Commercializing bycatch can push a fishery beyond economic extinction

    Aaron Savio Lobo
    Abstract Tropical bottom trawling is among the most destructive fishing practices, catching large quantities of bycatch, which are usually discarded. We used questionnaire surveys of trawl fishers to look at changes in catches over the last 30 years (1978,2008) along India's Coromandel Coast. We show that catches and income from target species have declined sharply over the last two decades. Meanwhile, costs of fishing have increased substantially and now almost exceed income from target species. Over the same period, bycatch (which was traditionally discarded) has now become increasingly marketable, being sold for local consumption, and as fish meal to supply the region's rapidly growing poultry industry. Without this income from bycatch, the fishery would scarcely be economically viable. While such a change in the use of bycatch is good news in terms of reducing waste and improving livelihoods, it is also responsible for pushing the Indian bottom trawl fishery beyond the economic extinction of its target species. [source]

    Long term effects of cormorant predation on fish communities and fishery in a freshwater lake

    ECOGRAPHY, Issue 2 2001
    Henri Engström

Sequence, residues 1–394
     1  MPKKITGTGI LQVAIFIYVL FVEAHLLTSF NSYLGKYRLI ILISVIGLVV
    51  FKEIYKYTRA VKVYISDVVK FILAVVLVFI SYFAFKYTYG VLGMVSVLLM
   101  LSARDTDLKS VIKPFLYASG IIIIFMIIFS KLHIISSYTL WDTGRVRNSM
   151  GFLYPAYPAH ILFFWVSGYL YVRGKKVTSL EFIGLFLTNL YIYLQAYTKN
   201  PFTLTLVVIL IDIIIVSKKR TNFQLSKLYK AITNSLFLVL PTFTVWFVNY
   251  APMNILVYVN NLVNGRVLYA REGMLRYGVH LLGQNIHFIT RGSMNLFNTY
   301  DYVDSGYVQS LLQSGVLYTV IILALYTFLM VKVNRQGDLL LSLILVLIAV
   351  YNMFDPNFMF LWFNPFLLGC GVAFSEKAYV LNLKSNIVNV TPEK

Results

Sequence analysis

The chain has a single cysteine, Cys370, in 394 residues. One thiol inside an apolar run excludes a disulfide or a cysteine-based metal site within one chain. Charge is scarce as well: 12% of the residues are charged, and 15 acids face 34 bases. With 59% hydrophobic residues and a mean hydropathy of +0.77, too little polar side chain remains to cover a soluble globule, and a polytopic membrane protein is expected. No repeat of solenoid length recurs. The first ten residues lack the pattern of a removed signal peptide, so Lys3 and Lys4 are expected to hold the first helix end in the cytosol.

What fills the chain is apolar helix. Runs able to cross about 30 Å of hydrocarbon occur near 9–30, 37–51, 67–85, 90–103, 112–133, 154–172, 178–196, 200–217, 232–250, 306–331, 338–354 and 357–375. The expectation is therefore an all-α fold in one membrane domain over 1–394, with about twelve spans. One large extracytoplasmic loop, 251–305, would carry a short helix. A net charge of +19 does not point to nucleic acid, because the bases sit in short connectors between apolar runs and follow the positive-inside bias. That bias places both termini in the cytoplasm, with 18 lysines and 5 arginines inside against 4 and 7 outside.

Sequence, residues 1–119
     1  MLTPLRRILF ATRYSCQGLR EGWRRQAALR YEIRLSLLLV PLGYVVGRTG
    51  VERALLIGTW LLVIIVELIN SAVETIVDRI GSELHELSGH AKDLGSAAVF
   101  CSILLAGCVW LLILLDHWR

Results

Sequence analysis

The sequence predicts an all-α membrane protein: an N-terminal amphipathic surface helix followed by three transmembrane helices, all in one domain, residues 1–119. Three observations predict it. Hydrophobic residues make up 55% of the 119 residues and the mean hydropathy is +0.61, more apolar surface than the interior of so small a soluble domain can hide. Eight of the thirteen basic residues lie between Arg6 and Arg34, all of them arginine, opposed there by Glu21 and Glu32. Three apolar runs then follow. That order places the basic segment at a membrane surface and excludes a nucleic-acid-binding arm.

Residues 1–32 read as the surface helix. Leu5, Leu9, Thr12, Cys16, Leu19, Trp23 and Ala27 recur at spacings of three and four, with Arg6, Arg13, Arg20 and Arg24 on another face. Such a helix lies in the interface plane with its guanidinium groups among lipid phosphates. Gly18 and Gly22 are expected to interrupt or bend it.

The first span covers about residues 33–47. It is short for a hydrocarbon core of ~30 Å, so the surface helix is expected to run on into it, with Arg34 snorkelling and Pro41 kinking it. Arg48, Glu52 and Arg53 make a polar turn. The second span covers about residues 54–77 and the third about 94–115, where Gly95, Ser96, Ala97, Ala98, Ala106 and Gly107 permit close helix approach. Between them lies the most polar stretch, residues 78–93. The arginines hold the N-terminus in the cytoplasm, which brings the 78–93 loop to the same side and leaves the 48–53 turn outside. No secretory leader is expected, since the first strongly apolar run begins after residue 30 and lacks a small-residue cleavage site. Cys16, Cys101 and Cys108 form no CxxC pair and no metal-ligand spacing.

Cormorant impact upon natural fish populations has long been debated but little studied because of the requirements of sound data that are often hard to fill. In this study I have monitored fish community composition/abundance before and after a cormorant colony was established in a high productive lake, Ymsen, of south-central Sweden. Data on fish abundance before cormorant establishment enabled me to control for changes in fish densities prior to cormorant colonisation. To control for possible changes in fish populations caused by factors other than cormorant predation (i.e. large-scale regional changes due to climate) data were compared with a control lake, Garnsviken, with no cormorants. Since Lake Ymsen also harbour an important commercial fishery, cormorant impact upon fishery yields was evaluated. The most important fish species in the diet of the cormorants were ruffe (75% by number), roach (11%) and perch (10%). Except for perch, commercially important fish made up a very small fraction of the cormorant diet. Eel, the most important fish for the fishery, was absent in the cormorant diet, pikeperch constituted 0.2% and pike 1.5%. Estimated fish outtake by the cormorants was 12.8 kg ha,1 yr,1 compared to 8.6 kg ha,1 yr,1 for the fishery. Despite considerable fish withdrawal by the cormorants, fish populations did not seem to change in numbers or biomass. The present study indicates that cormorant impact upon fish populations in Lake Ymsen was small and probably in no case has led to declines of neither commercial nor of non-commercial fish species. Still, the number of breeding cormorants in Lake Ymsen, in relation to foraging area, is among the highest known for Swedish lakes. [source]